Astrophysicist Laurie Rousseau-Nepton discusses Indigenous contributions to her field on CTV's The Social
Astrophysicist Laurie Rousseau-Nepton says her research on how stars form and influence each other over generations is an extension of the knowledge passed down to her by her Innu ancestors.
"In the Innu culture and many cultures in Canada, we come from the stars and we also return to the stars – and it's a cycle,” Rousseau-Nepton, an assistant professor at the Dunlap Institute for Astronomy & Astrophysics, told CTV’s The Social.
"For me, it makes sense that I'm doing this. It's something that I've actually learned all of my life: to study where we come from.”
The first Indigenous woman in Canada to earn a PhD in astrophysics, Rousseau-Nepton says the academic community is playing catchup to Indigenous knowledge that has been around for centuries.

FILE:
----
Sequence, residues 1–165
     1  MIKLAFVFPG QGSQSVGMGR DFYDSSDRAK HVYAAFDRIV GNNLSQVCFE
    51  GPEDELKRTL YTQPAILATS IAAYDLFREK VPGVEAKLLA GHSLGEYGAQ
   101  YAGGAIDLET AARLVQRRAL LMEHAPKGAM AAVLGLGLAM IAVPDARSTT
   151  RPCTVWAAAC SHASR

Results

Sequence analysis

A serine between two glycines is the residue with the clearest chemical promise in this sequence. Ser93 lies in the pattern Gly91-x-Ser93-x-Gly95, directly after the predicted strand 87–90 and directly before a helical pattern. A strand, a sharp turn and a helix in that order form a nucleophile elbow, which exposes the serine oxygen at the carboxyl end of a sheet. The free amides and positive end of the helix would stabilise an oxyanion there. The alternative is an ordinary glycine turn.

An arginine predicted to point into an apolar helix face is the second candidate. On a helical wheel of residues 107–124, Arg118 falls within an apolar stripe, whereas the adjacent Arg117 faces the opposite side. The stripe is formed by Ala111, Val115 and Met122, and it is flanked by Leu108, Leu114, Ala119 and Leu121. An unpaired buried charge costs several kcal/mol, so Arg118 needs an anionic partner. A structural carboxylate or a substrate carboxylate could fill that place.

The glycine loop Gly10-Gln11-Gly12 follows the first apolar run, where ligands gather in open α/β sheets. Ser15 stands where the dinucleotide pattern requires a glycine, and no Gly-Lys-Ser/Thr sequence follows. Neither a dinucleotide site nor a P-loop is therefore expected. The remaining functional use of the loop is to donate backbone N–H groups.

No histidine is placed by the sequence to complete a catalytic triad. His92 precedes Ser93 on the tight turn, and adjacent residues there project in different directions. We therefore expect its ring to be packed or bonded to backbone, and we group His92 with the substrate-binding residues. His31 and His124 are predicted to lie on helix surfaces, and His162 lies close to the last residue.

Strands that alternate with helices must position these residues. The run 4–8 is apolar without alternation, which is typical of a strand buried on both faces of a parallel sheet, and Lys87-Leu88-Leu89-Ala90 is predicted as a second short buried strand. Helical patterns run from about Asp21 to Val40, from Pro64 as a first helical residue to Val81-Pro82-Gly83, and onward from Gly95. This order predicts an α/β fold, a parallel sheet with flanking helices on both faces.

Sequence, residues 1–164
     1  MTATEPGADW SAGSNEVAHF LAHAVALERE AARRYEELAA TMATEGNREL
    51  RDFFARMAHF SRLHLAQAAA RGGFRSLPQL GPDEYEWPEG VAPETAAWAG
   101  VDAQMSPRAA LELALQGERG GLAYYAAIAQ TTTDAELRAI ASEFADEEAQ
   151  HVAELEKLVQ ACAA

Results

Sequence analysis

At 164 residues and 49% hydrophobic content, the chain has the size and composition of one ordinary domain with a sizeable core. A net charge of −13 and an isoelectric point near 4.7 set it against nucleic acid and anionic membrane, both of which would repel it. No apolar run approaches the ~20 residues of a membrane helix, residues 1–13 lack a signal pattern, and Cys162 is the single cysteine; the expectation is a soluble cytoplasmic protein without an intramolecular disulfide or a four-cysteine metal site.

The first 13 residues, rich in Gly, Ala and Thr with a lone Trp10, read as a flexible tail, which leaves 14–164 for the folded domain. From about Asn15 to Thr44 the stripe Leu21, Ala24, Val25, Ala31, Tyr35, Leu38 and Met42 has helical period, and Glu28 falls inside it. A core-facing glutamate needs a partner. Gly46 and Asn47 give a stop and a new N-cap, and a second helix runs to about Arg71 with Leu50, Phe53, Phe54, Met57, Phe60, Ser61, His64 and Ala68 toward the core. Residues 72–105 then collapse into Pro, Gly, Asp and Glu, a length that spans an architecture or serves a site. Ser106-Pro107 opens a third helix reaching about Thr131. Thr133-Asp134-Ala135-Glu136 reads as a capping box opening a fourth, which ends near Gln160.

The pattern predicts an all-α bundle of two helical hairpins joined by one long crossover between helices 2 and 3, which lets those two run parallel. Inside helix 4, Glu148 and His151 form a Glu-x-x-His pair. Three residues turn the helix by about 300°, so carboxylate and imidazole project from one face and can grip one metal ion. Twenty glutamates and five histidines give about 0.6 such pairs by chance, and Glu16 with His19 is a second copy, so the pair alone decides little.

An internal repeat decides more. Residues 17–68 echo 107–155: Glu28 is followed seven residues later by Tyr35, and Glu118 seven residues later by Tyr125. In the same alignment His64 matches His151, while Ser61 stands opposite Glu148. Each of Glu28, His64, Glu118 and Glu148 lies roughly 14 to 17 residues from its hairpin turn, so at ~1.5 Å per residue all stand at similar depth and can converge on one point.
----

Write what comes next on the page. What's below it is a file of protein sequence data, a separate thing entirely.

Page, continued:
“I like to think that if scientists maybe 400 years ago would have followed that path right away – 'Where are we coming from? are we linked to the stars?' – maybe we would have made those discoveries that are very real that we now know," she said.
Rousseau-Nepton appeared on the talk show to discuss the five-part documentary series North Star, which chronicles her journey as a resident astronomer at the Canada-France-Hawaii Telescope. The series can be streamed on the National Film Board of Canada website at no cost.